GENDUSA COLUMN: Only white gladiolas for Grandpa
Published 10:30 am Wednesday, August 31, 2022
I stood in front of the kitchen sink gazing out my grandmother’s (aka Grandpa’s) window. The garden was splendid in its full summer glory. Dew settled on the corn stalks, green beans and plump red tomatoes while two rows of gladiolas reached toward heaven.
“Grandpa, why do you only grow white gladiolas each year? You know they come in different colors, right?” I teasingly questioned and continued, “Your favorite color is pink, so why not grow pink flowers?
“Well, I don’t like any other color for my gladiolas. White is majestic, spiritual and holy. I take them to the church to be used in the sanctuary during the summer. Also, have you noticed how they seem to be reaching toward heaven?”
As we both viewed the garden, the tall stalks did seem as if they wanted to reach the pearly gates.
“Honey, all things, including people, grow upward toward God. Everything is meant to rise from seeds, to create beauty and joy for him.”
Today, I look out my window and see the tree limbs swaying in the summer breeze, the flowers still in bloom, and I recall the days when Grandpa taught me the simple meaning of life. We are here to rise, reach for God, and create joy for all, just like the white gladiolas of summer.
Like most mountain folks I knew, Grandpa lived life simply. Today, we create many complicated days. We wear ourselves thin by overreaching for success in all things. Our kids need to be successful winners and our homes should be mansions. Often, we strive for happiness by obtaining treasures and being entertained, but such pleasure is fleeting. We all know the more we accumulate, the more we want. Not all of which is necessarily bad, but too much sparkle can obscure the everlasting light we are meant to view.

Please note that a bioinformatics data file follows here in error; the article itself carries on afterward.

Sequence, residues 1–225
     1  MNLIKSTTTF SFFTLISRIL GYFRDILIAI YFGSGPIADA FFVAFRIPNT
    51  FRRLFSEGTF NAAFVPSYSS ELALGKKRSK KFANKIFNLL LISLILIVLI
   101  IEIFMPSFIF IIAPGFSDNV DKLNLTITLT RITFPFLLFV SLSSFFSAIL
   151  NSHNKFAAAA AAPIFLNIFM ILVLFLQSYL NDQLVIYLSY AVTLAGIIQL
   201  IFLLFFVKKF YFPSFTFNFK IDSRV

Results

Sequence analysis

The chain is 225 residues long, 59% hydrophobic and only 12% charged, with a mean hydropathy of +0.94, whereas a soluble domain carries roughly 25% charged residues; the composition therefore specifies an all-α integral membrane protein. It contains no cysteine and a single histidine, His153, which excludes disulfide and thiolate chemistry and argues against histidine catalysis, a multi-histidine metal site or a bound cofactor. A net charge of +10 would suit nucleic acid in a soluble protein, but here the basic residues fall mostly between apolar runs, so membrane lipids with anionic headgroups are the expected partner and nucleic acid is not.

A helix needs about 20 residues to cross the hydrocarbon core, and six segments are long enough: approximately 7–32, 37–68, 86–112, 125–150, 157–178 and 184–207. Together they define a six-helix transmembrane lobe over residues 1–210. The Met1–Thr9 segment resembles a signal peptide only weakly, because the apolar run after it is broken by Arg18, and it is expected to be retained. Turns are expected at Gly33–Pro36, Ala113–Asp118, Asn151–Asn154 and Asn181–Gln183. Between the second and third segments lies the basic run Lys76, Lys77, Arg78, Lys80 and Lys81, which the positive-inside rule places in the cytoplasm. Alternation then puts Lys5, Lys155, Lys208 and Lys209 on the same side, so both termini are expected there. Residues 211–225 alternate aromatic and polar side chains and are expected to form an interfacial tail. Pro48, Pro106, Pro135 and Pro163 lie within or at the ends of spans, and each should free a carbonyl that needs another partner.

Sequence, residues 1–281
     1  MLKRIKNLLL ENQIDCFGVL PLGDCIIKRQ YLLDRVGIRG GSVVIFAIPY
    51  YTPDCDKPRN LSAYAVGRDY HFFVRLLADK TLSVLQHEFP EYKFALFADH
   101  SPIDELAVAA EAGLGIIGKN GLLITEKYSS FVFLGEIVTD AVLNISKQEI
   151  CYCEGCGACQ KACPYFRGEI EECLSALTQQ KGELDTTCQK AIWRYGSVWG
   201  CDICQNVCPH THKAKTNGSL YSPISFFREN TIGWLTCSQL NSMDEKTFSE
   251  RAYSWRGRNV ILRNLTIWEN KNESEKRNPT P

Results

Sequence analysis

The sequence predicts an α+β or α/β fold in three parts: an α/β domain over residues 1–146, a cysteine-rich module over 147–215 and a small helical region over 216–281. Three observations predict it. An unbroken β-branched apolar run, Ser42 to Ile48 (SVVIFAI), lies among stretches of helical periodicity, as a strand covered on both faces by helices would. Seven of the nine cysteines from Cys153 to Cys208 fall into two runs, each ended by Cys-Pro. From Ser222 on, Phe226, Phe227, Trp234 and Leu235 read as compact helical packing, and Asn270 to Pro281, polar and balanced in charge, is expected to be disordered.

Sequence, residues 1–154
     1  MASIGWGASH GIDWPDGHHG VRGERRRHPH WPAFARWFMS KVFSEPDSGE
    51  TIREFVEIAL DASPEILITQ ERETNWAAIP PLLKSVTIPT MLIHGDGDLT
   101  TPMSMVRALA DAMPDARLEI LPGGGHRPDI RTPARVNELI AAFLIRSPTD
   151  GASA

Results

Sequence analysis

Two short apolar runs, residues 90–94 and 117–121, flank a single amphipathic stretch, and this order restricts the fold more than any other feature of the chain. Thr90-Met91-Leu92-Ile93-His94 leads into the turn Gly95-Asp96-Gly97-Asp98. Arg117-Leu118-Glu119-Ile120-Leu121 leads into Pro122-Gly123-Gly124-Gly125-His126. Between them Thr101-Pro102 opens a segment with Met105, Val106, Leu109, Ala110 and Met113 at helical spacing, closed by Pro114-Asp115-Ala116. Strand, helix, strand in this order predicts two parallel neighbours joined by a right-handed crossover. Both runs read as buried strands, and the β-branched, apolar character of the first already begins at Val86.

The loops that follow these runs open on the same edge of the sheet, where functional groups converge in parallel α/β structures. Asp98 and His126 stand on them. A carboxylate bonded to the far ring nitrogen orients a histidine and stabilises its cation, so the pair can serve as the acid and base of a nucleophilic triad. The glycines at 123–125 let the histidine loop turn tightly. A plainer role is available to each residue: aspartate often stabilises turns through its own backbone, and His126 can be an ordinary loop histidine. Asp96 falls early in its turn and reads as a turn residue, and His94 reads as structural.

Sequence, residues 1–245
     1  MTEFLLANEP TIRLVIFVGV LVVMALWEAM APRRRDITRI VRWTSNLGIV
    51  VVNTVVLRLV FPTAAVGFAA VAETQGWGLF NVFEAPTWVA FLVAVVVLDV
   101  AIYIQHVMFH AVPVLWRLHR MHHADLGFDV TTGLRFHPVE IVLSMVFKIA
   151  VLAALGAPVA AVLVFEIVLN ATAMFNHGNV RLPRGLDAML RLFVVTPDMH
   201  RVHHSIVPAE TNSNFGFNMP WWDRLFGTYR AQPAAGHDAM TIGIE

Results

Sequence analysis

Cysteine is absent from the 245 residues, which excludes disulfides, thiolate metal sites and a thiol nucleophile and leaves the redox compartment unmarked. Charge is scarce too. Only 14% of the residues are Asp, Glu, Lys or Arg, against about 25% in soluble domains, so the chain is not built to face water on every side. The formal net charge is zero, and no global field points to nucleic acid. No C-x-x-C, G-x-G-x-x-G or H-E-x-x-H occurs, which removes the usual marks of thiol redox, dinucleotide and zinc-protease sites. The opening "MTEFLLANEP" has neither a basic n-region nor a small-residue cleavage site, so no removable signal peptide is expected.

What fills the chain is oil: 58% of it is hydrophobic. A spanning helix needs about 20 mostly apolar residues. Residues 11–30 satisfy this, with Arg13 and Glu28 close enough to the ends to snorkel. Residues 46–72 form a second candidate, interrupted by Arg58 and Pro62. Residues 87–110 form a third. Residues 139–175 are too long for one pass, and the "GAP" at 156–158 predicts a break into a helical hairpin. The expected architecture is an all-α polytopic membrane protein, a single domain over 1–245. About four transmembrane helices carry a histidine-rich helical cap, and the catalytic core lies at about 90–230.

Indeed, Grandpa’s garden brought our family tremendous delight. From the dinner table filled with fresh produce to laughter-filled watermelon feasts after church on Sundays. But it was not only the patch of Grandpa’s earth that reaped a harvest but also the love that grew within her soul.
Love today seems a bit underrated and undervalued. In truth, love causes us to evolve and become what we are to be. If we put love first, miracles happen. When we value others as much as we possibly can, we blossom.
By teaching our children and grandchildren about love, we honor God. We produce barren earth if we promote hatred, bigotry, and anger. How many stories and opinions do we read about making America greater? In truth, our country will not reach its full potential if we do not plant seeds of respect and kindness in our gardens.
We rise when we realize love is the key to our growth as human beings. A baby can’t survive without tender care, nor will our world. By displaying acts of love rather than vengeance, we rise together and produce a harvest for all.
From violence in our streets to the deep fissures in America’s hearts, we see what a lack of love and sanctity for life can cause. If we want such evil to end, we should all attempt to put love back on the front burner and let it rise to reach great heights.
It is not easy to put away our swords and our self-righteousness, but for the sake of others, including our young children, we need to clear our gardens of the thistles and thorns that attempt to harm us.
Some of you think, “That Lynn, she is just simple-minded and sentimental!” Occasionally reality is blinded by complicated ‘stuff,’ and a garden can be choked and obscured by weeds. Often, we must pull the weeds, push the stuff aside, and see that deep beneath the earth is a tiny simple seed. And with love and care, it will rise to produce stunning beauty.
It was a cold February day when Grandpa left us. No garden was blooming, but my brother and I were determined to find her white gladiolas. The local florist located them and rushed them to Tennessee. We laid the basket of white flowers beside Grandpa’s grave. I looked through tears as the flowers seemed to reach heaven, where Grandpa rose to finally meet God.
It was love that flew her there, and it is what remains with me today.